Days after President Trump finally recognized June as LGBTQ Pride Month—a first for his presidency—the commander-in-chief doubled down on his administration’s ban of openly transgender people in the U.S. military.
His reason? Drugs.
During an interview on “Good Morning Britain” on Wednesday, commentator Piers Morgan, a friend of Trump’s, asked the president why he approved such a policy, especially after recently tweeting his support of the LGBTQ community.
“Because they take massive amounts of drugs,” Trump responded. “They have to. And you’re not allowed to take drugs; you’re in the military. You’re not allowed to take any drugs—you take an aspirin.”
They have to, he added, after “the operation,” referring to gender confirmation surgery. He also suggested that transgender people enter the military and “then [ask] for the operation, and the operation is $200,000, $250,000.”
“You have to have a standard and you have to stick by that standard,” he continued. “We have a great military and I want to keep it that way. And maybe [transgender service members] would be phenomenal, I think they probably would be.”
“But, again, you have very strict rules and regulations on drugs and prescription drugs and all of these different things. And they blow it out of the water,” the president added.
Experts, however, point out that Trump’s statements are incorrect: People who serve in the military are in fact allowed to take prescription medications.
“The hormones taken by transgender individuals are not prohibited by the military,” Joshua Safer, the head of the Center for Transgender Medicine and Surgery at Mount Sinai Health System, told the Washington Post.
There’s no evidence that transgender service members use prescription medications more than anyone else. Almost half of all Americans—which includes those who serve in the armed forces—report taking at least one prescription drug in the past month. And, importantly, research shows the health of transgender veterans is comparable to that of cisgender veterans.
Additionally, not all transgender people undergo hormone replacement therapy or even want to pursue a gender reassignment surgery. And for those who do, the cost of surgery is substantially less than what Trump claimed it to be, ranging from $6,000 to $150,000, according to Healthline.
“It’s abundantly clear the president has no idea what he’s talking about,” said Gillian Branstetter, spokesperson for the National Center for Transgender Equality. Not only do his comments portray transgender people broadly, but they are also “dismissive of the 13,000 transgender service members that are impacted by this policy. They portray people who have signed up to serve their country as a burden.”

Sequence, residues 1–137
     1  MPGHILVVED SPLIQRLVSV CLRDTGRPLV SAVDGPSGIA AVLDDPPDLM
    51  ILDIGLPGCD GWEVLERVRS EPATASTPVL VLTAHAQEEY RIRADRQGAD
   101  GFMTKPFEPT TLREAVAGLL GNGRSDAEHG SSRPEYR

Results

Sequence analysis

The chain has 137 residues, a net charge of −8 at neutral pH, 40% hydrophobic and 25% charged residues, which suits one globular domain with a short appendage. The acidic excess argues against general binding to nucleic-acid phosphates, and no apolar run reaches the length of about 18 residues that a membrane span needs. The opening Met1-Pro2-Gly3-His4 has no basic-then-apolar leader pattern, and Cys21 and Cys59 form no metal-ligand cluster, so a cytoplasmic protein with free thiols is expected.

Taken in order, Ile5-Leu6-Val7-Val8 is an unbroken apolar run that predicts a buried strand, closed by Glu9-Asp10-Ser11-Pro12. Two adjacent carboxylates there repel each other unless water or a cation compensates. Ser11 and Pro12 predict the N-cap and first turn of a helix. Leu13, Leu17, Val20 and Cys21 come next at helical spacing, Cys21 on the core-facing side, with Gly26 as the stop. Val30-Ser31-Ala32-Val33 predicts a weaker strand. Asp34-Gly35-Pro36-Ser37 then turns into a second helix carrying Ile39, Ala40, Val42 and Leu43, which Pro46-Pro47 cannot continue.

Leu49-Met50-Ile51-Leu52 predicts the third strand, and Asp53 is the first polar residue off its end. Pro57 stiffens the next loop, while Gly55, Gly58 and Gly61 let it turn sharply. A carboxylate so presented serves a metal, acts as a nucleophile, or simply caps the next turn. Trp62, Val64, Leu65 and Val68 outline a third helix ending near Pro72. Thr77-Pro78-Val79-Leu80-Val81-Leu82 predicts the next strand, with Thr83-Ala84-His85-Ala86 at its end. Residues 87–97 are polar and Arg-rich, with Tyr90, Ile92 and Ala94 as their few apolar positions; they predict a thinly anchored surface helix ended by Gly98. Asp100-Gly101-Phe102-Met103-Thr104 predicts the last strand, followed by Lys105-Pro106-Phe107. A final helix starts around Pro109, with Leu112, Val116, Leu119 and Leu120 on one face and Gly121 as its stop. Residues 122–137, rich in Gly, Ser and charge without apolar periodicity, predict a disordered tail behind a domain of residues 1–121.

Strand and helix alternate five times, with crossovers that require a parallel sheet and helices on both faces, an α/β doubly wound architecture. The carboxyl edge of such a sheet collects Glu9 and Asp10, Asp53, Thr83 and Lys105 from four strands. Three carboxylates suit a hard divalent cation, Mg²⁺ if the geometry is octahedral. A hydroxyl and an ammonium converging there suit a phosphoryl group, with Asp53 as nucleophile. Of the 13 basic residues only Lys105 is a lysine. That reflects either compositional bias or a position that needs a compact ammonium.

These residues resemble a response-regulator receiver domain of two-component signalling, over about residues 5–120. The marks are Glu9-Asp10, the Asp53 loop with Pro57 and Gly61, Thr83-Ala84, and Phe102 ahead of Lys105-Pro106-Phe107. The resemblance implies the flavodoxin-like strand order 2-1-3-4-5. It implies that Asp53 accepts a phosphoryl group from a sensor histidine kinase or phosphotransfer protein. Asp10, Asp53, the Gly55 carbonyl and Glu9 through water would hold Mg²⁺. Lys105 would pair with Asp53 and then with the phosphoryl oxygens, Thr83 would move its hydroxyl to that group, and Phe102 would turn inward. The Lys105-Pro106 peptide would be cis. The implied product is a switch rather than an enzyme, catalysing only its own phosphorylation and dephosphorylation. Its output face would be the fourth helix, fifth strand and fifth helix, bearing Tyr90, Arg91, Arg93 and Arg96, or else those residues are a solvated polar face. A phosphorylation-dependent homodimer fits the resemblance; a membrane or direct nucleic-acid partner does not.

Wednesday’s interview was one of the few times Trump has talked publicly about policy issues impacting the transgender community.
Last year, he sidestepped a question about media reports on a proposal to redefine gender based on genitalia at birth by telling reporters, “We have a lot of different concepts right now. They have a lot of different things happening with respect to transgender right now.”
On Twitter, where he prefers to speak to Americans directly, the only time he’s ever tweeted about the trans community is when he set the whole transgender military ban in motion almost two years ago.
During Wednesday’s interview, Morgan told Trump the military spends more money on medication for erectile dysfunction for male service members than it does on healthcare for transgender troops.
Trump responded, “I didn’t know they do that.”
But regardless of Trump’s own understanding of what it means to be a transgender person, “the administration is acting under both ignorance and malice,” Branstetter said.
As an example, she points to an exchange between Education Secretary Betsy DeVos and Rep. Suzanne Bonamici during a House Education Committee hearing in April. When Bonamici asked DeVos if she was aware of the detrimental impact of rescinding Title IX protections designed to protect transgender students, DeVos admitted she was—and rescinded that guidance anyway.
And in recent weeks, a slew of recent regulatory changes from various government departments include rolling back important legal protections for trans people, including access to healthcare and housing.
“Our organization has met with administrative offices,” Branstetter said, “We have filed court briefs, and we have filed public comments making it abundantly clear the risks and damages posed by their policies, and they have moved forward with them anyway.”